While O'Connell landed in a strong spot as offensive coordinator for the Rams, he won't be calling plays. Coaches don't like giving up control, particularly offensive coaches giving up play calling. For O'Connell, maybe that will change in LA, but it will take time. 

Some Redskins fans have a bad habit of assuming the worst. That maybe Turner got the job because O'Connell passed on it. That's not the case, per multiple sources.

Ron Rivera wanted his guy, and that's why Turner got the job. 

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Do the Caps have the offense to win the Stanley Cup?

Do the Caps have the offense to win the Stanley Cup?

The bye week and the all-star break are upon us meaning we will have to wait until Jan. 27 for the Capitals to take the ice again for a game. With the season over halfway done and the Feb. 24 trade deadline rapidly approaching, the focus of the season now shifts towards the playoffs.

Washington has certainly done enough at this point to show they are a playoff team, but just how good are they? Are they a true contender or are they destined for an early exit?

Over the next few days, I will examine the team to answer if it is good enough on offense, defense and in net to win a Cup and, if not, what they must do to improve by April.

Today’s question: Do the Caps have the offense to win the Stanley Cup?

Team stats
3.55 goals per game (1st in the NHL)
20.3-percent power play (13th in the NHL)

Goal leaders
1. Alex Ovechkin 34
2. Jakub Vrana 22
3. T.J. Oshie 18

Assist leaders
1. John Carlson 47
2. Nicklas Backstrom 29
3. Evgeny Kuznetsov 26

Point leaders
1. John Carlson 60
2. Alex Ovechkin 50
3. Evgeny Kuznetsov 42

Just in case you forgot about Ovechkin, he just let everyone know that yes, he is still outrunning Father Time with eight goals in the past three games. He remains one of the top scorers in the league, that is beyond dispute and so is this team's the top-six.

Backstrom, Wilson, Vrana, Kuznetsov and Oshie round out one of the best top two lines in the NHL. There are only a few minor concerns with this group.

Vrana and Kuznetsov have proven to be streaky performers. When they are hot, they are among the top offensive players in the NHL. Vrana is actually tied with David Pastrnak for third in the NHL in even-strength goals with 21. He is as dangerous a goal-scorer as just about anyone in the league. And everyone knows how good Kuznetsov can be at his peak. Just look at the 2018 Cup run.

You just have to cross your fingers and hope Vrana and Kuznetsov don’t get cold in the postseason because when their production tapers off, it craters.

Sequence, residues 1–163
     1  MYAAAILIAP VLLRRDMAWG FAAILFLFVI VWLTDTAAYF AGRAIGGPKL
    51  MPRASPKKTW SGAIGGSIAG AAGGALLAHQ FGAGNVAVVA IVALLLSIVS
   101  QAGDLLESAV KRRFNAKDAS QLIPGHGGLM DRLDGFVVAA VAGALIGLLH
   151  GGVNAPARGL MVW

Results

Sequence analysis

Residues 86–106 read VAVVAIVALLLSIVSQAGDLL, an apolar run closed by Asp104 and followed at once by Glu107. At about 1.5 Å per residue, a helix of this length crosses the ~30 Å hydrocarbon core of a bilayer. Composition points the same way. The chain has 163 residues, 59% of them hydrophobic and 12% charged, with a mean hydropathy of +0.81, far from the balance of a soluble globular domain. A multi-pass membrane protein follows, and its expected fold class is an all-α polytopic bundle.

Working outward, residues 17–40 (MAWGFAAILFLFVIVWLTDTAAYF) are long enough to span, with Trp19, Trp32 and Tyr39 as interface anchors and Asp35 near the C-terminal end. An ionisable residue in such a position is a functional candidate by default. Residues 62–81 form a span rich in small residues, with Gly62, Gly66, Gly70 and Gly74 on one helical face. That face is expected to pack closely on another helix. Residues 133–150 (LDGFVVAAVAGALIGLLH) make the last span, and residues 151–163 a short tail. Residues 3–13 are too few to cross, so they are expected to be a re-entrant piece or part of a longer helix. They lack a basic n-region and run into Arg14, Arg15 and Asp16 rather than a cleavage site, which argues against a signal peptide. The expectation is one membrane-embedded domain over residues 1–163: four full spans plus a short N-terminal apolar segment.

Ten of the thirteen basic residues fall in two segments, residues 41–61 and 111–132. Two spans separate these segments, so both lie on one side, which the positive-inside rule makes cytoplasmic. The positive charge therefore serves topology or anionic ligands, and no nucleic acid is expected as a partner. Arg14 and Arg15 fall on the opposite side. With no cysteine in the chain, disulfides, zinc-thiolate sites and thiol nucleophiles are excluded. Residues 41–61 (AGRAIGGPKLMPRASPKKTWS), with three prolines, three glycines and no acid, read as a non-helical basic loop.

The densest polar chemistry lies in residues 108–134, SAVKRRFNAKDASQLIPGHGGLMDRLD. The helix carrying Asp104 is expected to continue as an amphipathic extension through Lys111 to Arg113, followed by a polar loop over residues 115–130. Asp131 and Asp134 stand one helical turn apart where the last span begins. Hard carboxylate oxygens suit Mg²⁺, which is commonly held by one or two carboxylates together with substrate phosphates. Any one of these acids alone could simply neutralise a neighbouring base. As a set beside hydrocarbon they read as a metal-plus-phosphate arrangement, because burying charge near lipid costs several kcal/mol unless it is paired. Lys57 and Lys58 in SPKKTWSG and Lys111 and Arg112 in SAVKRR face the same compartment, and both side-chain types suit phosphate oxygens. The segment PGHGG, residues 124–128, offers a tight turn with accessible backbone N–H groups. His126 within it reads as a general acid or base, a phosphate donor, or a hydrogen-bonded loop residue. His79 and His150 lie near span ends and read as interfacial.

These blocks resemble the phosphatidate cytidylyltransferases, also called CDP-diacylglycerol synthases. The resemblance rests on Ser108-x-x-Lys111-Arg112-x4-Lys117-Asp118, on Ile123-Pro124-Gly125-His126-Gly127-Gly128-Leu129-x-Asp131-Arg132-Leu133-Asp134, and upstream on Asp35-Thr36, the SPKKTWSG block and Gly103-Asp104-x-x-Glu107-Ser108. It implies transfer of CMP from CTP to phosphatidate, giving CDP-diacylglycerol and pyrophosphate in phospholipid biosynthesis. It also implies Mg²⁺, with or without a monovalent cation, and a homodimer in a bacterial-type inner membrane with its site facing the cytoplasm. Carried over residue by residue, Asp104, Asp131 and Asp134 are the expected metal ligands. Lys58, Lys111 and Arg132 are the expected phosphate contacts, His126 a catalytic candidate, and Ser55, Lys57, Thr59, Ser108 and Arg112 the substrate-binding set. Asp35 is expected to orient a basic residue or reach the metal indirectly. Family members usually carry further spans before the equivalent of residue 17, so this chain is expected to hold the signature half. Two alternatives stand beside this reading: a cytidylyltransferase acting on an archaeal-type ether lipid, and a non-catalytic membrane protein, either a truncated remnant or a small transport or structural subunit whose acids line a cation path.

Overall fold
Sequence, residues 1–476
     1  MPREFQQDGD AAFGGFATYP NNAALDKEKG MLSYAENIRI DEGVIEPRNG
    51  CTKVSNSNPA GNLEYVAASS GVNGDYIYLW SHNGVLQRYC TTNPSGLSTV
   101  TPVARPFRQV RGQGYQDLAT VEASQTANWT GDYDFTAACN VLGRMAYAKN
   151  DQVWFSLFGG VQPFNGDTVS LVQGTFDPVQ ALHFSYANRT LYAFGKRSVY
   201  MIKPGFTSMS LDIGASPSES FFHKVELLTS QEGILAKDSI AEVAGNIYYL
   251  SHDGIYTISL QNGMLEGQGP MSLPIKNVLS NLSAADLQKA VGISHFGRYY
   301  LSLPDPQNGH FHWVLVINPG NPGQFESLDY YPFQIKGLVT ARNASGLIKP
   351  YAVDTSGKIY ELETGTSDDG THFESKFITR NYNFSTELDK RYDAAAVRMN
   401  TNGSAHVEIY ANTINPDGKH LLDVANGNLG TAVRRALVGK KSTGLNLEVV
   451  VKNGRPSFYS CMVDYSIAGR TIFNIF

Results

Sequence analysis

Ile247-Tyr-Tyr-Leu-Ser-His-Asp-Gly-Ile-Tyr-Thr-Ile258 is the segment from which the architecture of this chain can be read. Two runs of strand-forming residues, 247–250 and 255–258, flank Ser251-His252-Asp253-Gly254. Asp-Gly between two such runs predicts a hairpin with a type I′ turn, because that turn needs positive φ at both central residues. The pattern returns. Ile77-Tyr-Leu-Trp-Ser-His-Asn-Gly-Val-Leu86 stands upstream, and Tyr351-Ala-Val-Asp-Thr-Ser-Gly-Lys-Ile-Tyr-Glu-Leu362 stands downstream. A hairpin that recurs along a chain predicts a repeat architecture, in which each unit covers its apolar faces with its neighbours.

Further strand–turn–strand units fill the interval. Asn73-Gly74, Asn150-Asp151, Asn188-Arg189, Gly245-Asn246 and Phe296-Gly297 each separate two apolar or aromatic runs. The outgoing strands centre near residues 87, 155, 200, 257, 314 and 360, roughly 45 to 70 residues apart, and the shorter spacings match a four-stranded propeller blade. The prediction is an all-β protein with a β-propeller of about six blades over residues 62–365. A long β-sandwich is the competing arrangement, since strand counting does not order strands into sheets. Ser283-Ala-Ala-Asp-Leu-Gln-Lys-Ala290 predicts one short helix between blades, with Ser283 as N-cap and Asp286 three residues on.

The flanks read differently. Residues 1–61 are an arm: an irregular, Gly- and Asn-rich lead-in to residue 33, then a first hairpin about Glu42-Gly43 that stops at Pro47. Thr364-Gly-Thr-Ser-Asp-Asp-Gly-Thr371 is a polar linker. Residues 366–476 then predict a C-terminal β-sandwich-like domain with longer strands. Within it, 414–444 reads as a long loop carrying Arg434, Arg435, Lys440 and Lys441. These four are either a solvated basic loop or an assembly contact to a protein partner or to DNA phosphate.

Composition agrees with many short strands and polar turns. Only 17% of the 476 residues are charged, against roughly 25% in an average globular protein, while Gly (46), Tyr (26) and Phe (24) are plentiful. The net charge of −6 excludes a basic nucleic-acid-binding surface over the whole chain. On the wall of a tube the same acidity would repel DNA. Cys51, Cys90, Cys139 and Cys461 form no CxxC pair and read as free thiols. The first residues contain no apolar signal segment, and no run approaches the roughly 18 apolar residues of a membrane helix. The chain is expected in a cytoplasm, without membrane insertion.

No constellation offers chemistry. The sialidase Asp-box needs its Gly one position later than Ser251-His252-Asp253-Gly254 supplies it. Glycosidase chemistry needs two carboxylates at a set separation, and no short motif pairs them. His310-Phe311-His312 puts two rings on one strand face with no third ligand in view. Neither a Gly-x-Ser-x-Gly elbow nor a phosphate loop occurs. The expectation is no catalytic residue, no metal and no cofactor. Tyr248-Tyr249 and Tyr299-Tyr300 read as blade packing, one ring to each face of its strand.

Moving on to the bottom-six, let’s start with the fourth line because it is easier. Brendan Leipsic, Nic Dowd and Garnet Hathaway is one of, if not the outright best fourth line in hockey. They are able to hem opponents into the offensive zone and allow very little in the way of scoring opportunities. If you put any credence into things like Corsi, Nic Dowd is the best on the team with a Corsi-For percentage of 57.22 while Leipsic is 54.04 and Hathaway is 54.43. In a nutshell, what that means is this line is generating a heck of a lot more offensive opportunities than it is allowing which is a huge asset to have for a fourth line.

What’s more, these guys are the kind of players you hate to play against. Hathaway and Leipsic both play with an edge and Leipsic has a fair amount of speed as well. They have to make sure they limit the penalties they take, but otherwise this line is a huge asset.

That brings us to the third line.

While the offense is starting to pick up slightly, overall the numbers have just not been there. Lars Eller is doing fine with 11 goals and 16 assists, but Richard Panik is having a tough first year with five goals and five assists while Carl Hagelin has only three goals and eight assists and that’s including the two goals he scored in the past week.

Even as the line continues to improve, I do not think at its peak it is going to prove to be as good offensively as once hoped.

The third line has definitely found a role as a shutdown line, however, which is how Reirden has been utilizing them of late, using them to shut-down one of the opposition’s top lines both to limit their offense and also to free up Ovechkin’s line by getting it away from that matchup.

That’s easier to do at home, now Reirden has to figure out just how to best utilize the third line one the road where it is tougher to get the matchups you want.

Overall, however, this line is trending in the right direction. The power play, however, is not.

Though it ranks 13th in the NHL, that percentage is being propped up by a good start. Since Dec. 1, the power play ranks 30th in the NHL at 14.1-percent. The offense has just been non-existent. The struggles have clearly gone to the head of the players because it becomes a comedy of errors on the ice every time the team gets the man advantage. Reirden has tried Vrana on the top unit in Kuznetsov’s spot, but that spot is not well suited for Vrana as he is a sniper and Kuznetsov plays primarily around the goal line where shots are hard to come by. Kuznetsov on the second unit is largely wasted as there is not enough scoring talent on that unit for him to set up.

The result is two power play units playing without confidence and not producing while also allowing far too many shorthanded goals.

The verdict: Yes, the Caps have the offense to win the Cup.

In terms of the personnel, it is hard to get better than what the Caps have. The top two lines are loaded with talent and the fourth line is the best at what it does. The offense is lacking on the third line, but Reirden has found a role for it in which it can still have a positive impact on the game and its offensive production seems to be improving.

The only real concern is the power play, not only because it is completely ineffective but because the team is pressing so hard it has allowed five shorthanded goals, tied for the most in the league. As bad as it is, however, I think this is a case of frustration making things worse. With the personnel this team has, there is no reason for it to be producing at only 14.1-percent. Once they string a few goals together, things will turn around. I don’t think it will be among the most potent in the NHL, but I do think this is a low point and a natural progression will occur.

After the power play, however, it is hard to find a more potent offense than the one assembled in Washington.